electronic media artist
STATE OF BEING
(1982, 19:27', b/w , SD video, stereo)
Psychotronic short revolving around the psychotropic Sanidin. Shot with 1/2" Sony portapack.
With David McGrievey, Hanspeter Keller, Steve Whitesell, Kristin Lund, and the voices of Christine Hatfull, Mel Carpenter, and Michael Duffy.
This video begins to the musical theme from the American TV series Mission Impossible; this sets a tone reminiscent of televisual thrillers and clichés. A secret agent is conducting an investigation on the effects of a drug, Sanidin, supposed to pacify the soul, but which has disastrous secondary effects: aggressivity, suicidal tendencies. The film is a mixture of pictures filmed by Alexander Hahn with actors, extracts from television news, extracts from pharmacological documentaries, fixed images (photographs) well-known landscapes, archive images of crowds, accidents, fires; electronic effects are given to some of the images. The whole gives a very realistic impression: it is almost believable. As in The Outer Plant, this film made in New York in the early Eighties, inspired by televisual culture, combines all sorts of comments on the relationships between reality and the images given of it, as well as the limits of human reason in a classic fiction work. Hahn shows considerable interest in the images found (found footage), and is already beginning to explore the manipulation techniques that are to become his personal trademark in future work. The interest of this work, which can now be perceived as the germ of subsequent accomplishment, is inherent in Hahn's capacity for grouping together all sorts of images from diverse sources into a very personal visual continuum; the film's montage is very astute, the humor of the cuts counterbalances the force of comment that often verges on moralization. Whilst later films, installations and writing are very marked by the exploration of the subconscious, it could be said that this film is an ironic vision of the televisual culture subconscious, with promises of happiness, which have difficulty in concealing stupidity and violence.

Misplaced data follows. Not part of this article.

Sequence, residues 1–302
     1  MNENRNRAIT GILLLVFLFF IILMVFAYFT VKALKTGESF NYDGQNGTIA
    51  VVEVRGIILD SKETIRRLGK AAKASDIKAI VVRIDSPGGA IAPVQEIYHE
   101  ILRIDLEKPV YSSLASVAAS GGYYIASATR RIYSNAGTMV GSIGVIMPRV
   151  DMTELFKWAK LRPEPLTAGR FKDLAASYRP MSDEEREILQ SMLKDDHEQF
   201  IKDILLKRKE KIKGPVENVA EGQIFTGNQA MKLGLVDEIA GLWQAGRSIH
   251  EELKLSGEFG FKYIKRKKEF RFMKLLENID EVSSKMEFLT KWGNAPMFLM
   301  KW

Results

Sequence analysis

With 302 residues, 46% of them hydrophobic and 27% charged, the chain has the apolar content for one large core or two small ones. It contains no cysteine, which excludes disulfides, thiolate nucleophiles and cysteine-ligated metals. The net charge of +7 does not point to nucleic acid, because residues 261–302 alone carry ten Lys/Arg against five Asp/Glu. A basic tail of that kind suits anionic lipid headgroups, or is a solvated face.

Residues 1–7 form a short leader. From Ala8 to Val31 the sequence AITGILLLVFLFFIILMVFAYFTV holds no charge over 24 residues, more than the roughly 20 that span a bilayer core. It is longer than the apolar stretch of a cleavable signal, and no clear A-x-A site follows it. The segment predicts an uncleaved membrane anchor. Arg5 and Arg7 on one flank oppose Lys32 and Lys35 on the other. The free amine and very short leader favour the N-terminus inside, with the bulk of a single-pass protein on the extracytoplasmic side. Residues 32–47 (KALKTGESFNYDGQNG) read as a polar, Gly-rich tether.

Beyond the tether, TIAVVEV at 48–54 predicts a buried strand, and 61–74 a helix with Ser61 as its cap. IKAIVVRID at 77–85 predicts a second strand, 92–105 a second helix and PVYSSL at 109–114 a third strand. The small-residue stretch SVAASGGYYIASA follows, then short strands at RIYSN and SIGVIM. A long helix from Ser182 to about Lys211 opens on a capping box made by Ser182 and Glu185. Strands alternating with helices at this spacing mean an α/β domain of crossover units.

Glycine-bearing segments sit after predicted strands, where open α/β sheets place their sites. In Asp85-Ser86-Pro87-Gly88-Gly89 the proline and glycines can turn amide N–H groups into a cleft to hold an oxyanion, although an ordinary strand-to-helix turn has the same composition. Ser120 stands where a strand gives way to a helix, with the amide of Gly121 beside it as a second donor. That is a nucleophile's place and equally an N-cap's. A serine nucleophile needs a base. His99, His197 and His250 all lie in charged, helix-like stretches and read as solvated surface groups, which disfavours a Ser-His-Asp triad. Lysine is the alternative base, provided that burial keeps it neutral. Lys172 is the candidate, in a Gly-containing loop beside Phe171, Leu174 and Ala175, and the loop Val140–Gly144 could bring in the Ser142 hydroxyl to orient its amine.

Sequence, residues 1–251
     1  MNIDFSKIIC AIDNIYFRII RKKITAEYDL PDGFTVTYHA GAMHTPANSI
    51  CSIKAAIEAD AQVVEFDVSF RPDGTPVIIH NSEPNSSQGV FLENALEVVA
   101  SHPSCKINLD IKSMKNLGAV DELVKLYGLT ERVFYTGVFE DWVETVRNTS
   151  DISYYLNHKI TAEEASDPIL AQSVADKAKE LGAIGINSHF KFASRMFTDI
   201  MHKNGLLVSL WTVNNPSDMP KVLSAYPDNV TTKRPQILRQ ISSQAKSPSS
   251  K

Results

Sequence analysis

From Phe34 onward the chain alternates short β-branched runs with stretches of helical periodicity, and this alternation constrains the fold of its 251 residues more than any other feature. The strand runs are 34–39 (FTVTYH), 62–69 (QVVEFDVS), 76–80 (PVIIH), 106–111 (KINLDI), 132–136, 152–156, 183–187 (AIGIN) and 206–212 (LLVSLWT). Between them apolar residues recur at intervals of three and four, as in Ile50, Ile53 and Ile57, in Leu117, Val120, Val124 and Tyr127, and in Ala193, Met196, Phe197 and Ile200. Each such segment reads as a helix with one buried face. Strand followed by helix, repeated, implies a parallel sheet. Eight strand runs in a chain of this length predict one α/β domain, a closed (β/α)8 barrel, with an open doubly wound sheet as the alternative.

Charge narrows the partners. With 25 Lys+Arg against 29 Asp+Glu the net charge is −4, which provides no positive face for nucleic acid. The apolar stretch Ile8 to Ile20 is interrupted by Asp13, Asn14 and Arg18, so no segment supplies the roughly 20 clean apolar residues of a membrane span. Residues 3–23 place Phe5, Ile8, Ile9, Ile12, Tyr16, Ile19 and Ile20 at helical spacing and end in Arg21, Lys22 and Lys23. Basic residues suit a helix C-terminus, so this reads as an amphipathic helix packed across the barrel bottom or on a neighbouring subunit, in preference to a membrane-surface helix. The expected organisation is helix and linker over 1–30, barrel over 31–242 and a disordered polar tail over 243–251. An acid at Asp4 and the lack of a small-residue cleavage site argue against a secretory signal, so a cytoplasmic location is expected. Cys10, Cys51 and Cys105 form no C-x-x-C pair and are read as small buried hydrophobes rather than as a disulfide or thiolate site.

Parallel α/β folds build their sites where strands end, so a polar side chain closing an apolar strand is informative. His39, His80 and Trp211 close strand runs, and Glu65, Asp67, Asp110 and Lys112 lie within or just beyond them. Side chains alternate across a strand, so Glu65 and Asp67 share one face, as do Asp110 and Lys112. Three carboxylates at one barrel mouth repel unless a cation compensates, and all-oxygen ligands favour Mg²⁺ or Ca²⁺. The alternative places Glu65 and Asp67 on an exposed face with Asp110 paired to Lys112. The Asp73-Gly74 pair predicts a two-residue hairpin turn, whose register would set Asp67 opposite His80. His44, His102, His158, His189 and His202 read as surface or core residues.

(Lysianne Léchaut-Hirt, in New Media Encyclopedia)